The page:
Some people who wear glasses with their hearing aids do document more feedback. And it does happen, but it’s not the most common complaint. But it’s also possible that something else, like a speaker, is actually what’s causing the feedback.

Still, you should definitely contact us if you think your glasses might be causing your hearing aids to feedback.

How to wear your hearing aids and glasses

If you make certain that your devices are worn properly you can avoid many of the issues linked to using glasses and hearing aids together. You want them to fit right!

Here’s how you can accomplish doing that:

Put your glasses in place first. After all, your glasses are pretty rigid and they’re bigger, this means they have less wiggle room in terms of adjustments.

Then, gently place your hearing aid shell between your outer ear and the earpiece of your glasses. Your glasses should be closest to your head.

Adjust both as needed to be comfortable, then place the hearing aid microphone inside your ear canal.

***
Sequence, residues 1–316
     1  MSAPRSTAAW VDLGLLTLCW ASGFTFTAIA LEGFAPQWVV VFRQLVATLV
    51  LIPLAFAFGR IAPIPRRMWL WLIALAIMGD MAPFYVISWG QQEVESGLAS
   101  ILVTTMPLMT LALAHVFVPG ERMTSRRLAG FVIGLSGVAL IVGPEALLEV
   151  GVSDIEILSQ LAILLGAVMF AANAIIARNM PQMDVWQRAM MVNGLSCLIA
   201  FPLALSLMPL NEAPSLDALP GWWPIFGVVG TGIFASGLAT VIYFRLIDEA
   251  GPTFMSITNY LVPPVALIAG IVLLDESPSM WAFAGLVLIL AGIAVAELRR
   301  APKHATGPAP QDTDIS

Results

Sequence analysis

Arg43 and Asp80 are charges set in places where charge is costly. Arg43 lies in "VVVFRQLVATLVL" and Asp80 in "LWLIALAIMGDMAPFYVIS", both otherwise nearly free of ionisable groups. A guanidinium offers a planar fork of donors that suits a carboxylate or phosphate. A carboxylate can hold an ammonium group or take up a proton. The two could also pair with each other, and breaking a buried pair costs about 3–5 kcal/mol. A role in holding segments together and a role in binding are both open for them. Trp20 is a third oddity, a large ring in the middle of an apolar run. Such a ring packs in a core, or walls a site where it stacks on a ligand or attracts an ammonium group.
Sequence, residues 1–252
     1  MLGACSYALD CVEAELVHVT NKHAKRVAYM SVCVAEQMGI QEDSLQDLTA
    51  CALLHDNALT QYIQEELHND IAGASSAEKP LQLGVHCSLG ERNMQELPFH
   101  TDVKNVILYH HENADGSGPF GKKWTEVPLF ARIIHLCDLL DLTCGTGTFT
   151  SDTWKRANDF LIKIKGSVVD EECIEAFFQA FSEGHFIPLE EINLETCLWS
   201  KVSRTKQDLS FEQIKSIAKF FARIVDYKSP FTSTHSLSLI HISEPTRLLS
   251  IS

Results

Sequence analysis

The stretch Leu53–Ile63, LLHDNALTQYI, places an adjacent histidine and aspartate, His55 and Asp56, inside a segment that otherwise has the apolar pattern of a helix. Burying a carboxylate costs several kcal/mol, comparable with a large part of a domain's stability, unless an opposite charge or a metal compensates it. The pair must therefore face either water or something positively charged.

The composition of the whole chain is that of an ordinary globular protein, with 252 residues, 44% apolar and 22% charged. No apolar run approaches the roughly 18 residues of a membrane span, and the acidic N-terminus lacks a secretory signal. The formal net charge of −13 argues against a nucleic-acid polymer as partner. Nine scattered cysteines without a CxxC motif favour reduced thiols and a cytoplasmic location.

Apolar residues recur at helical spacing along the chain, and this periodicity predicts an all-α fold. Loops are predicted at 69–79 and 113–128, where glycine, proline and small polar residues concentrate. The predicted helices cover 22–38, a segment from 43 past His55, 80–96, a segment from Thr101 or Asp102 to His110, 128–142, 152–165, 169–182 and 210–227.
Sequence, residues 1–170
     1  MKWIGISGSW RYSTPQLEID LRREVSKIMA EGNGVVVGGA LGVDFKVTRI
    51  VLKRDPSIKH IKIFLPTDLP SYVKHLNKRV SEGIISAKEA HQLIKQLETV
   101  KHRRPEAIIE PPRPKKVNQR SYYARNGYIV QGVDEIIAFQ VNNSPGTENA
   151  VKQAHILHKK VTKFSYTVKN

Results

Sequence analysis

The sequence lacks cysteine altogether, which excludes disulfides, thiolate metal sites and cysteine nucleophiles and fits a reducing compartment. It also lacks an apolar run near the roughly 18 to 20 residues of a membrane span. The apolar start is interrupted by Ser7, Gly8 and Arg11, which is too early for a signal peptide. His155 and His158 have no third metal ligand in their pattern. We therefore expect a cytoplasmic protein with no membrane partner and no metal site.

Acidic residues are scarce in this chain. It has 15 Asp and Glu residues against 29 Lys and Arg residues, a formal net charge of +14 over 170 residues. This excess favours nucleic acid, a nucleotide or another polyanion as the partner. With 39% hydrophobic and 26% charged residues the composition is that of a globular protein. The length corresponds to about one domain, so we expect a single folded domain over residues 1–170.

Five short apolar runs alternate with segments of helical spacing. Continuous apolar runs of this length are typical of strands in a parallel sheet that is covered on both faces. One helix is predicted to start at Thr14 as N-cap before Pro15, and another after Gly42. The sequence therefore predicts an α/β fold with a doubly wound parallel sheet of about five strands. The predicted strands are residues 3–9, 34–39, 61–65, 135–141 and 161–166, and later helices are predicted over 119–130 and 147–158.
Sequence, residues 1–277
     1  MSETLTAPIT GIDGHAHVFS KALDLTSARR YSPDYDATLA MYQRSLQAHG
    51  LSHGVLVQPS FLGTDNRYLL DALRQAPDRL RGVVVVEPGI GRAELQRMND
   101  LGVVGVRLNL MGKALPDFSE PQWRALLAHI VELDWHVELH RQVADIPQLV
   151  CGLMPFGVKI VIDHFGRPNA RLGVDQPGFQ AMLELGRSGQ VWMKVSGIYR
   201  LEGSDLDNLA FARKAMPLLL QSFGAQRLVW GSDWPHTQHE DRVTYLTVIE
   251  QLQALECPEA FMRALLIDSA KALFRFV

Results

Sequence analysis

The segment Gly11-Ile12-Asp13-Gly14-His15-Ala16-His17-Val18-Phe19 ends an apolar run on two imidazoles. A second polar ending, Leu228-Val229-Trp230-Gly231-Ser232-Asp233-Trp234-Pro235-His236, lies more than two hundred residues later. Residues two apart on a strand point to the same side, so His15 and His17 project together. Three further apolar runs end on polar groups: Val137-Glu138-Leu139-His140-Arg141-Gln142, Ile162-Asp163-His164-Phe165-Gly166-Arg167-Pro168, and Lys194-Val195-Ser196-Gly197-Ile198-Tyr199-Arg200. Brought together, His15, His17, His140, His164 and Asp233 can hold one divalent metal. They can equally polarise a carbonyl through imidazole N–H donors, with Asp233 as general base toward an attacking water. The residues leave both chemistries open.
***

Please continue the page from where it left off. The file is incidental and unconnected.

That’s all there is to it! Kind of, there’s certainly a learning curve in terms of putting on and taking off your glasses without bumping your hearing aid out of position.

Keep up with both your glasses and your hearing aids

Sometimes, friction between your hearing aids and your glasses occurs because the devices aren’t working as designed. Things break sometimes! But those breakages can often be prevented with a little maintenance and routine care.

For your hearing aids:

  • Make sure to recharge your battery when needed (if your hearing aid is rechargeable).
  • The correct tools (a soft pick and a brush) should be used to eliminate earwax and debris.